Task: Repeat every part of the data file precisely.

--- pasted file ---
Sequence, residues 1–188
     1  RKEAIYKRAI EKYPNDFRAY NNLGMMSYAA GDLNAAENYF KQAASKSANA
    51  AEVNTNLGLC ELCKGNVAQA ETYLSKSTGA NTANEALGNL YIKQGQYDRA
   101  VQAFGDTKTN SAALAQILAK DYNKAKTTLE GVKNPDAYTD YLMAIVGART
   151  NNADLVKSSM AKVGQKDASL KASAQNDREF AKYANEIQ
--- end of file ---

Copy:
Sequence, residues 1–188
     1  RKEAIYKRAI EKYPNDFRAY NNLGMMSYAA GDLNAAENYF KQAASKSANA
    51  AEVNTNLGLC ELCKGNVAQA ETYLSKSTGA NTANEALGNL YIKQGQYDRA
   101  VQAFGDTKTN SAALAQILAK DYNKAKTTLE GVKNPDAYTD YLMAIVGART
   151  NNADLVKSSM AKVGQKDASL KASAQNDREF AKYANEIQ